Aside from allowing the US armed forces access to their former military bases, the Aquino government “allows the US FBI to interrogate prisoners in Camp Crame and use its custodial center in keeping foreign nationals it suspects of being “terrorists.”
By MARYA SALAMAT
MANILA – Sovereignty issues would hound the administration of President Benigno “Noynoy” Aquino III politically and legally. This is the projection of the Communist Party of the Philippines (CPP). The Philippine government may accuse the revolutionary groups led by the CPP as outside the fold of law (or of the Philippine Constitution), but the CCP seems to have an even worse counter-accusation— the Philippine government is in fact contemptuous of its own Constitution and laws.
As the Aquino regime “continues to allow the US military to increasingly intervene and operate within the Philippines, it is bound to be politically and legally confronted by issues of sovereignty,” the Communist Party of the Philippines (CPP) said in a statement. The revolutionary group enumerated various issues where they say the Aquino government has trampled on Philippine sovereignty, in the process violating provisions even of its “own reactionary laws.”
These issues include providing the US warships and submarines with virtual open access to Philippine waters, “without consideration to the policy of freedom from nuclear weapons as provided for in the 1987 reactionary constitution.”
The United States’ advanced warships and submarines are reportedly nuclear-powered. On top of that, these are also widely believed to be armed with and capable of launching nuclear weapons.
The Philippine Constitution, on the other hand, is explicitly against the entry of nuclear weapons. But the Philippine government has little hope of enforcing it if the warships, aircrafts and troops it had invited to enter the Philippines can freely move around with their nuke via the US policy of “neither confirming nor denying” its presence. The CPP is encouraging patriotic Filipinos to continue questioning the said policy.
Another Aquino violation of Philippine sovereignty shows in this government’s “allowing the US armed forces to maintain a military base inside Philippine territory.” According to the CPP, the headquarters of the 700-strong Joint Special Operations Task Force (JSOTF)-Philippines is in an exclusive zone within Camp Navarro, the main camp of the AFP’s Western Command, in Zamboanga City. It is, in fact, the camp first visited by American Gen. Martin Dempsey, chairman of US Joint Chiefs of Staff, when he flew to the country early this month and checked on the AFP’s progress in counterinsurgency operations, for example.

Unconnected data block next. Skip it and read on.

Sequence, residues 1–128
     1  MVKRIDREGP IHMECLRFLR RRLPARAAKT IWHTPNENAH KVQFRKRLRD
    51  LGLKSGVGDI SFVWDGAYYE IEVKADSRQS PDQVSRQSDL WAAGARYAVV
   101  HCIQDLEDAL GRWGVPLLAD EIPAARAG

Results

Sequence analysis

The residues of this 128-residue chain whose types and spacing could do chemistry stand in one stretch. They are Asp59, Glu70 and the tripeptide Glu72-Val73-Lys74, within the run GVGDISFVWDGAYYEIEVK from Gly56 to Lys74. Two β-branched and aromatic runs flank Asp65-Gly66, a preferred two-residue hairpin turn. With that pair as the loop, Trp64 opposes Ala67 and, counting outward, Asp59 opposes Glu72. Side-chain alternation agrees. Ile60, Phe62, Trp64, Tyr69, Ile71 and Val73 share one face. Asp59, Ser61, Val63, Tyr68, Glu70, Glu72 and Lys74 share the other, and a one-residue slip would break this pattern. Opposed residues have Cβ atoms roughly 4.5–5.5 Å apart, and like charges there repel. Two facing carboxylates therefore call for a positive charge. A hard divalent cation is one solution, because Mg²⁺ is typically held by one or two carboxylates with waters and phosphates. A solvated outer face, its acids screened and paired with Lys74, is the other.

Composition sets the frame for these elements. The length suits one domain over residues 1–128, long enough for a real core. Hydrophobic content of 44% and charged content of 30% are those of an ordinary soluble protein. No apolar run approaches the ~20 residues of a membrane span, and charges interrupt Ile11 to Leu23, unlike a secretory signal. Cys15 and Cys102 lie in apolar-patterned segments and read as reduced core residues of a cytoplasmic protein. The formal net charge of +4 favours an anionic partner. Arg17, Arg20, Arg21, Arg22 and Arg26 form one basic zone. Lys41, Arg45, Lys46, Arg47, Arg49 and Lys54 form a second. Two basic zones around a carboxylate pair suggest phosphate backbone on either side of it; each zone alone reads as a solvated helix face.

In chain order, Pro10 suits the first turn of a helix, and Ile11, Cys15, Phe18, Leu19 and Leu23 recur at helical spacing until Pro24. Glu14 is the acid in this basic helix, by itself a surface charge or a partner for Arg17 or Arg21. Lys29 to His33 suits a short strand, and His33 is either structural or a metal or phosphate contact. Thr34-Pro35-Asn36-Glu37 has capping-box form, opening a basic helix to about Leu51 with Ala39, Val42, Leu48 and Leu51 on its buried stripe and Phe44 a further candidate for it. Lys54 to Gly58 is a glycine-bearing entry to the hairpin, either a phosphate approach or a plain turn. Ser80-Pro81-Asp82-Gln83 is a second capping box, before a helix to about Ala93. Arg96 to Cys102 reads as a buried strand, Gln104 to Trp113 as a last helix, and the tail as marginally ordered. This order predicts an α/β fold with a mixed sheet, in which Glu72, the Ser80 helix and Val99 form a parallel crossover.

The JSOTF-P headquarters camp, based on various reports and complaints of former soldiers, cannot even be entered into by top generals of the AFP without permission from US officials.
In practice, the JSOTF’s exclusive zone in Zamboanga is a military base, but it apparently exists without an appropriate treaty, violating “requirements set by the 1987 constitution covering foreign military bases, troops and facilities,” the CPP noted.
Aside from the JSOTF headquarters in Zamboanga, the US has been reportedly setting up and operating an intelligence infrastructure in the Philippines. It includes the likes of the mountain-top antennas, among others, which the US has reportedly set up during its “humanitarian missions” and “joint exercises” in the past several years. According to the CPP, these facilities which the US considers as its exclusive domain “are essentially US military facilities,” but where, it asked, is the “relevant agreement or treaty covering such facilities?”
As if these issues were not enough examples yet of the Aquino government’s violations of Philippine laws, allowing a foreign police agency, particularly the New York Police Department (NYPD), to set up a “satellite office” in Philippine territory is also disclosed and condemned by an NDFP peace panel consultant. But even this “satellite office” appears to be just one part of a package of US government agencies and troops setting up offices and stations in the Philippines to carry out intelligence operations within Philippine territory.